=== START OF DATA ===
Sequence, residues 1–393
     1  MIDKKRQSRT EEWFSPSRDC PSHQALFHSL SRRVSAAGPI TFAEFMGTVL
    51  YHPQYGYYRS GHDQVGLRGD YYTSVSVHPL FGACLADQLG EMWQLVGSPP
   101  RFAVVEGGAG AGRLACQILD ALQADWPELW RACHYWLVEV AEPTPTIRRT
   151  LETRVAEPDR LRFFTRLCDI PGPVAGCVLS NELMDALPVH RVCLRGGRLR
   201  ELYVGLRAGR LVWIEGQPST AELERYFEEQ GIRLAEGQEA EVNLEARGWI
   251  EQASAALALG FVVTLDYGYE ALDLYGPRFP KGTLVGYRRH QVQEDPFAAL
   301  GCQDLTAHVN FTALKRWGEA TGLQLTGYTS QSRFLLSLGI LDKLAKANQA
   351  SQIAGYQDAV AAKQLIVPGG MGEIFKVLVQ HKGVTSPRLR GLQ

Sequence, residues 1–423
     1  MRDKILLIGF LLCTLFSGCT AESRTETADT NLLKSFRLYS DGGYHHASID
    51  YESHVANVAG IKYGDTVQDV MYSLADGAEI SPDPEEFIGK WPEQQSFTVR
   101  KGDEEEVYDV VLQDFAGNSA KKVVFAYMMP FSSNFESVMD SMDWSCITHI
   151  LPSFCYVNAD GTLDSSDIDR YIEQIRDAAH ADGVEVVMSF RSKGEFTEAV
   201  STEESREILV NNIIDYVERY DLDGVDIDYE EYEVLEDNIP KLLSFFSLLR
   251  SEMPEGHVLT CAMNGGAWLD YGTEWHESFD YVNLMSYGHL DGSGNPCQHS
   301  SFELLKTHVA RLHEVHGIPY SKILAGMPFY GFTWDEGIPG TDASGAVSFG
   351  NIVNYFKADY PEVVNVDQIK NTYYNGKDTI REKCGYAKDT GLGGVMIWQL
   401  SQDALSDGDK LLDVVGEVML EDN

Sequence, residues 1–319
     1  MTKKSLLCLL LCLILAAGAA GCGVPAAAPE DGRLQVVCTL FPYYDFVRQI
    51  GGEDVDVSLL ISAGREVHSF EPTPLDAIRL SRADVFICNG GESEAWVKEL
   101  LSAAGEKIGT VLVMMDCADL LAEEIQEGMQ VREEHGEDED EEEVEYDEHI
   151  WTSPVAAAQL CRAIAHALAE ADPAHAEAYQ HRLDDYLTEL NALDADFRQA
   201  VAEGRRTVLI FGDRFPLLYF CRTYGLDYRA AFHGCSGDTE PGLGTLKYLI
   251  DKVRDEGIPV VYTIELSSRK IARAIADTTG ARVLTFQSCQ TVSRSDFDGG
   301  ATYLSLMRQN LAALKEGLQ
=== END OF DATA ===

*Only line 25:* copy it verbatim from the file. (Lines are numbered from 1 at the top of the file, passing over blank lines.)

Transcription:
   201  VAEGRRTVLI FGDRFPLLYF CRTYGLDYRA AFHGCSGDTE PGLGTLKYLI